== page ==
Q2 2020 Quick Links (Everything)

Copyright * Sony Music Entertainment v. Cox Communications, Inc., 2020 WL 3121306 (E.D. Va. June 2, 2020). Each downloaded song file generally can support its own statutory damage, but “compilations” only get one statutory damages award, and no double-counting of…

Supreme Court Promotes Weaponization of Generic Domain Names–USPTO v. Booking.com

The USPTO believed that “generic.com” domain names were almost always generic and therefore unregistrable. On that basis, it denied registration for Booking.com. The Supreme Court holds that generic.com domain names aren’t necessarily generic, which means they have the potential to…

Fortnite Defeats Another Lawsuit Over Emote Dance Moves--Brantley v. Epic Games

Fortnite Defeats Another Lawsuit Over Emote Dance Moves–Brantley v. Epic Games

This case involves the “Running Man” dance, a 2016 fad. (Note: the dance is not the same as the old-skool Running Man dance move, a 1980s classic that I’ve attempted on occasion). A viral video of people doing a “Running…

2H 2019 and Q1 2020 Quick Links, Part 2 (Trademarks/Keywords)

* Workshopx Inc v. Build A Sign LLC , 2019 WL 5258056 (W.D. Texas June 26, 2019): “BAS contends that WorkshopX cannot state a claim for trademark infringement or unfair competition because using a competitor’s trademark as a Google AdWords…

Humvee Can't Stop Depictions of Its Vehicles in the 'Call of Duty' Videogame--AM General v. Activision Blizzard

Humvee Can’t Stop Depictions of Its Vehicles in the ‘Call of Duty’ Videogame–AM General v. Activision Blizzard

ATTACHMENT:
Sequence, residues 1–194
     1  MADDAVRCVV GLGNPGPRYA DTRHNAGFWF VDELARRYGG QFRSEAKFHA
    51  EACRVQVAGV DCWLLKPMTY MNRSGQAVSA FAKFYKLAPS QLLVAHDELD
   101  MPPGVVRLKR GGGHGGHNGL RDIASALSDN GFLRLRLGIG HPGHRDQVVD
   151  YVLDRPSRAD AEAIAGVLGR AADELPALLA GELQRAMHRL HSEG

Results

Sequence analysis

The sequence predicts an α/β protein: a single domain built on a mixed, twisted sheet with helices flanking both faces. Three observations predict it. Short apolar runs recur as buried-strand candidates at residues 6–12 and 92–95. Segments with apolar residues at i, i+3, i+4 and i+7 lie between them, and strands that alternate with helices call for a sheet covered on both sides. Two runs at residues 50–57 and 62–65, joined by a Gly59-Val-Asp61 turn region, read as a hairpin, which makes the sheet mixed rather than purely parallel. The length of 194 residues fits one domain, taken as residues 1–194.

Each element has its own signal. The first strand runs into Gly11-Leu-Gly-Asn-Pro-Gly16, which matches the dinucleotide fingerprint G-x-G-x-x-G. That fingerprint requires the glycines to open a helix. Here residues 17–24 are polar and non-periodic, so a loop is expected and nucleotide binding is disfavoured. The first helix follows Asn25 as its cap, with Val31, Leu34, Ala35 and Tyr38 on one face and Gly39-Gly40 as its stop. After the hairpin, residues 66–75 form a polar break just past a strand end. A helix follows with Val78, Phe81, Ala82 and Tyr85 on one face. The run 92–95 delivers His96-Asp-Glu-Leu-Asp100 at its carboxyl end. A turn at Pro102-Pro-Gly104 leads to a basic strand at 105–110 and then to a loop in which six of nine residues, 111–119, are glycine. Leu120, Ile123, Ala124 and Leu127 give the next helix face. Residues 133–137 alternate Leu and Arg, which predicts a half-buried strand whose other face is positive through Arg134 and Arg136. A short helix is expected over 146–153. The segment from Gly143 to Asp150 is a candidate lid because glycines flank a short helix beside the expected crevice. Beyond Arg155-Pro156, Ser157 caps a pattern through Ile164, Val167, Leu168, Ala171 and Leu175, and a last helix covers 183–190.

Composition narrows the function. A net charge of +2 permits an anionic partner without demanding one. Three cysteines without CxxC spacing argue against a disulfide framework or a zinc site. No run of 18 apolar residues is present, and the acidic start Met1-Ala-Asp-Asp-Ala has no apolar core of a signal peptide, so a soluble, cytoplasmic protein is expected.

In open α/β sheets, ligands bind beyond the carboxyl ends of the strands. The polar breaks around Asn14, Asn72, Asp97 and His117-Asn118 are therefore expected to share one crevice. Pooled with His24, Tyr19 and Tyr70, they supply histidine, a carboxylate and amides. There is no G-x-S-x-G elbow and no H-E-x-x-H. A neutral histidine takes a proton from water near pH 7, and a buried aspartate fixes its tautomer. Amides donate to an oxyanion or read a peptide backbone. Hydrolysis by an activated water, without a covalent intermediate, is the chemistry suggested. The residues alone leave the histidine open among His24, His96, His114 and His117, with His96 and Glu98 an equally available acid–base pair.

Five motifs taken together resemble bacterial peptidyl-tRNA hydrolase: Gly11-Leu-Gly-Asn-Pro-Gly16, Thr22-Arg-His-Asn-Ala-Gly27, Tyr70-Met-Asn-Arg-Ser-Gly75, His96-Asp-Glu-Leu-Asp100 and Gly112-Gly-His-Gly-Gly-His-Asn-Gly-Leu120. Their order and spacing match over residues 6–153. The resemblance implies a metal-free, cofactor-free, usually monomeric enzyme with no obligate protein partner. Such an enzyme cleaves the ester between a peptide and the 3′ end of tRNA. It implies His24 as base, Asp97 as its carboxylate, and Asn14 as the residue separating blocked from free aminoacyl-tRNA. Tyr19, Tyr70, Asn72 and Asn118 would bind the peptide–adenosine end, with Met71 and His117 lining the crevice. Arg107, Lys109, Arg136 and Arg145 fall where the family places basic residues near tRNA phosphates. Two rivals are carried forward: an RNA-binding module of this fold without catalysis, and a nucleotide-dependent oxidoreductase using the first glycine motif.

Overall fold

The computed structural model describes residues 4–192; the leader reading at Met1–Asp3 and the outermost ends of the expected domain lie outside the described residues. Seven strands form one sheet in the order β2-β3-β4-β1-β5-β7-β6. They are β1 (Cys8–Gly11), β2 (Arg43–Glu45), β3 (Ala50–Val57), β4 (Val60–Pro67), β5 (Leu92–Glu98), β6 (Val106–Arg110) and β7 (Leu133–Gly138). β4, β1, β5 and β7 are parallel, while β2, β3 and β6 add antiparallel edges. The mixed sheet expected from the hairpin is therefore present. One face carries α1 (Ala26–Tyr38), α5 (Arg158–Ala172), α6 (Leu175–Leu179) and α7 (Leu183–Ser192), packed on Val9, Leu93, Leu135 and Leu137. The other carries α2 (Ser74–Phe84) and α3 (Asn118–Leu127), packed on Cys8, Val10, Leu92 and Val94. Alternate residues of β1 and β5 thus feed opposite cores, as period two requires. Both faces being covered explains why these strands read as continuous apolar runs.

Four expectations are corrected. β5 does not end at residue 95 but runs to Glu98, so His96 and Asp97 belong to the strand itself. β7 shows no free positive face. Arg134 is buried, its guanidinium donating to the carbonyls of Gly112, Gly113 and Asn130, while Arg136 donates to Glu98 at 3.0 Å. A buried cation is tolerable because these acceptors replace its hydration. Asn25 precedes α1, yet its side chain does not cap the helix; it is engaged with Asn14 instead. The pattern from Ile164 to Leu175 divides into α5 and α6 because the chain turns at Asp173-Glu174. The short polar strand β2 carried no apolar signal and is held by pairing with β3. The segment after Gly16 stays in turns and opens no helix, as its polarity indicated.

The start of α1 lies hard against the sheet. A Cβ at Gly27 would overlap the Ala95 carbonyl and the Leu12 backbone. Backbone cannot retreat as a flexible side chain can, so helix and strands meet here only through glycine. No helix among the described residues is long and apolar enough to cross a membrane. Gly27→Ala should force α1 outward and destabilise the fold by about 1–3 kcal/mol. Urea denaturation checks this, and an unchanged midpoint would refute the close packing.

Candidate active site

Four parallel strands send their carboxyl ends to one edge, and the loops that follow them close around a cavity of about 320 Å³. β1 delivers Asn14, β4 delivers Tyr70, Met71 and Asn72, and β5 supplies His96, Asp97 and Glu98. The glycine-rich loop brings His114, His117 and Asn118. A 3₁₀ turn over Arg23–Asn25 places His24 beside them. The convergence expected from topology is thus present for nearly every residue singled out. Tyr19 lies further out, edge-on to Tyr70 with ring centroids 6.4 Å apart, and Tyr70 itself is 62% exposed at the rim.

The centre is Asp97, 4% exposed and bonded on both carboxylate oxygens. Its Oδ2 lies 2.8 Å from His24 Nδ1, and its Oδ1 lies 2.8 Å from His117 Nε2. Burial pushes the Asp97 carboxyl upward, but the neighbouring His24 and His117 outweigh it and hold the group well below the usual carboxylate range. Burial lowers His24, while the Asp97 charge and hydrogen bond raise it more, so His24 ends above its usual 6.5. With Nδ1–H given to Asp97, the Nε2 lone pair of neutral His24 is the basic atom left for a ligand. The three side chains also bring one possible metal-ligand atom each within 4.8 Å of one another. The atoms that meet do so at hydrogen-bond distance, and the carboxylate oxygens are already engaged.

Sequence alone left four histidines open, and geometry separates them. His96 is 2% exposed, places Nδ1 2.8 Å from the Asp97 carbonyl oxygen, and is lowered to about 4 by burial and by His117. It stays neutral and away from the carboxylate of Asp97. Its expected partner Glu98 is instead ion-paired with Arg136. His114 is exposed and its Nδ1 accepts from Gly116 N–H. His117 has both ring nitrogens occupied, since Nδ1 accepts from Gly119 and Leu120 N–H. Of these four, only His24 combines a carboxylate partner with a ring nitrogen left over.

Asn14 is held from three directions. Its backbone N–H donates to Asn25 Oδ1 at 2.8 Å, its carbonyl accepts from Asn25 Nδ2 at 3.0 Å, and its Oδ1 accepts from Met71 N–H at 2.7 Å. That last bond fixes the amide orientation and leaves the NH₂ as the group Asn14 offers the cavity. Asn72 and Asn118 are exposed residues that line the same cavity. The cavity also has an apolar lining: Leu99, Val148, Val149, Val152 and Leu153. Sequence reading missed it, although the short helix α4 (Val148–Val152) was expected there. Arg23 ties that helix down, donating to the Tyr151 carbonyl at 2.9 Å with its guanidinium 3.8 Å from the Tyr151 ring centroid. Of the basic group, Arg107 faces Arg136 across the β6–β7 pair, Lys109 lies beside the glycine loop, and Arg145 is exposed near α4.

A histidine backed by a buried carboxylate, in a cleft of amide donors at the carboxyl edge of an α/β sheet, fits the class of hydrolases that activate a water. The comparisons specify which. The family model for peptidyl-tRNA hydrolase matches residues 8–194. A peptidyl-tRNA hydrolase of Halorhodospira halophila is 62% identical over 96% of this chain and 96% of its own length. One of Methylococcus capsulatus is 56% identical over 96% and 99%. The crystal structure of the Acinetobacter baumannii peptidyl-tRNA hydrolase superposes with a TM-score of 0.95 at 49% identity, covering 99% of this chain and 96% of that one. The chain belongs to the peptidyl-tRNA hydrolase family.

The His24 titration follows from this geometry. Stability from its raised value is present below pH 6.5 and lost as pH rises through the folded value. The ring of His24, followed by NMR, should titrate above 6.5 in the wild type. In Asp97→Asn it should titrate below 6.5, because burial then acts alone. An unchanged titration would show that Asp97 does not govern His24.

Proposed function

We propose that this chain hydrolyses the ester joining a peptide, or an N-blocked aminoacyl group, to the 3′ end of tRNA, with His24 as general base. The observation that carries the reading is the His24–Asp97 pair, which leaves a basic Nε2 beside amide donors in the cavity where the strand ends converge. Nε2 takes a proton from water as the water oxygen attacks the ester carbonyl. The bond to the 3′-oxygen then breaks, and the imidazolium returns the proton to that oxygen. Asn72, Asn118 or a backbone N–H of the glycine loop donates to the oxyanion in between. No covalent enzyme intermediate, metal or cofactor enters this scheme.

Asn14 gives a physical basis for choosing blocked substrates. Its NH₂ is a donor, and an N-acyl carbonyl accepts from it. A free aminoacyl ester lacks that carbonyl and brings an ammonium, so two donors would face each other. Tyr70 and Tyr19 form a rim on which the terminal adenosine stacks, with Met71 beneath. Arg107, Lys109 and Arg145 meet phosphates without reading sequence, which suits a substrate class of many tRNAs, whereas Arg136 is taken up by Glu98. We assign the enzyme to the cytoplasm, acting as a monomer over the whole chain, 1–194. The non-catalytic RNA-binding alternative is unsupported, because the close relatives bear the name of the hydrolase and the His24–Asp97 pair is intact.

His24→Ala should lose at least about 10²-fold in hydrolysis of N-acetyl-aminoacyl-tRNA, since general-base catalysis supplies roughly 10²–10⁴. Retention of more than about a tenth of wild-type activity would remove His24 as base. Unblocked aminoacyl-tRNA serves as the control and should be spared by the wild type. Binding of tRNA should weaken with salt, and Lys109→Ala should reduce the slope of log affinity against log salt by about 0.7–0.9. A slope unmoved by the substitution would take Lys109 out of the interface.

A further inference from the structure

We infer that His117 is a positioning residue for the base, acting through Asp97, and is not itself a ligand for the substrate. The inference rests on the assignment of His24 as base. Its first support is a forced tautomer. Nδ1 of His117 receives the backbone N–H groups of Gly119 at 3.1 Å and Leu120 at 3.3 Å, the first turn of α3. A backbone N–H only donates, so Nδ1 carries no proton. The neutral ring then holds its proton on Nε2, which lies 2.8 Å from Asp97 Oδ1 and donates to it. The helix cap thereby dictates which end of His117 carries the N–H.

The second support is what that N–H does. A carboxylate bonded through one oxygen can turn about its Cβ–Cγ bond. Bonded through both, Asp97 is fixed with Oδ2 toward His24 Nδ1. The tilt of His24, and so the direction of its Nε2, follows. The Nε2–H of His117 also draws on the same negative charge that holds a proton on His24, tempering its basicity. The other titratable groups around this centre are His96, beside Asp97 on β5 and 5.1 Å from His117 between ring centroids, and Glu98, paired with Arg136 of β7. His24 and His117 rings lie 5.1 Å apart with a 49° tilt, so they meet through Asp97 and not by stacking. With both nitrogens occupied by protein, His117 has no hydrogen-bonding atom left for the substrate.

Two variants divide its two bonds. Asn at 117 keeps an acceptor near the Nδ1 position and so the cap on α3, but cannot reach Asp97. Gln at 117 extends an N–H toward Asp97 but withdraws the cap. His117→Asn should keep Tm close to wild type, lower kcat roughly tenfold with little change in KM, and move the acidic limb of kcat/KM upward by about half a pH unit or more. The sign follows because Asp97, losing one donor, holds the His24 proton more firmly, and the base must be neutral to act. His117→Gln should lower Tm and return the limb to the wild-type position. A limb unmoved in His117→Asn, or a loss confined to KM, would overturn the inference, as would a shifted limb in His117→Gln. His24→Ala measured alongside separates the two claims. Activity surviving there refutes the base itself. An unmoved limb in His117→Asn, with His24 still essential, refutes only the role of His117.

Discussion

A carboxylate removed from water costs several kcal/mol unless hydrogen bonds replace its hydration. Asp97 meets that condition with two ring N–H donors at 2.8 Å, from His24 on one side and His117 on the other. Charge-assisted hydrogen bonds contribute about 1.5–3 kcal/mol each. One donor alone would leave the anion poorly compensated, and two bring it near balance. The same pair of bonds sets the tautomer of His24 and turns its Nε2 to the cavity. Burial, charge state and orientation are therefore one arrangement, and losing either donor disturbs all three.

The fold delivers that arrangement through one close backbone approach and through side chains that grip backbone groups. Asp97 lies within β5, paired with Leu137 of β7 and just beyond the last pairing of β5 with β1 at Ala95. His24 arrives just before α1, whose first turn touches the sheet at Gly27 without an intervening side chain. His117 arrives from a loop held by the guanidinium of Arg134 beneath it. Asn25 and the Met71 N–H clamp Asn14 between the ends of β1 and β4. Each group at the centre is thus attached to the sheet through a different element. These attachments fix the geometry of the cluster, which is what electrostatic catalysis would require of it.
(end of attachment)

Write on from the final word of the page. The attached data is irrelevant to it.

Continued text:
It has unexpectedly turned into Videogame Law week here at the Technology & Marketing Law blog. This is my third videogame IP blog post this week. See my prior posts on tattoo copyrights and signature moves. All three rulings are…

Ninth Circuit Rallies in Defense of a Parody Dog Toy--Bad Spaniels v. Jack Daniel's

Ninth Circuit Rallies in Defense of a Parody Dog Toy–Bad Spaniels v. Jack Daniel’s

So we are back to litigation over dog chew toys. The case involves the “Bad Spaniels” dog toy, part of a “Silly Squeakers” line from the smartly-branded enterprise “VIP Products.” The dog toy intentionally riffs on the Jack Daniel’s brand…

Videogame Can Replicate Musician's "Signature Move" (Unless It's a False Endorsement, Which It Isn't)--Pellegrino v. Epic Games

Videogame Can Replicate Musician’s “Signature Move” (Unless It’s a False Endorsement, Which It Isn’t)–Pellegrino v. Epic Games

Pellegrino is a saxophone player with “externally rotatable feet,” which has helped him develop a nifty “signature” dance move while playing. The videogame Fortnite sells “emotes,” optional customizations for players’ digital avatars. Pellegrino alleges that the “Phone It In” emote…

Newspaper Can Talk About "Derby Pies" Without Infringing Trademarks--Rupp v. Courier Journal

Newspaper Can Talk About “Derby Pies” Without Infringing Trademarks–Rupp v. Courier Journal

A “derby” is a dictionary noun for a race of three-year-old horses. The most famous derby in the United States is the Kentucky Derby, but the word traces its roots to a 1780 race in England. In 2017, the (Louisville)…

More Evidence That IP Law Protects Individual Emoji Depictions--Nirvana v. Marc Jacobs

More Evidence That IP Law Protects Individual Emoji Depictions–Nirvana v. Marc Jacobs

This case involves the well-known “Nirvana Happy Face” drawn by Kurt Cobain in 1991 and registered in 1993. Marc Jacobs launched a “Bootleg Redux Grunge” clothing line (really??? who buys this shit?) that included an homage to the Nirvana Happy…

IP/Internet/Antitrust Professor Amicus Brief in 1-800 Contacts v. FTC

IP/Internet/Antitrust Professor Amicus Brief in 1-800 Contacts v. FTC

Prof. Mark Lemley (Stanford Law) and I filed an amicus brief in 1-800 Contacts v. FTC with the Second Circuit on behalf of 29 professors of intellectual property, Internet law, and antitrust. The abstract: The case involves 1-800 Contacts’ settlement…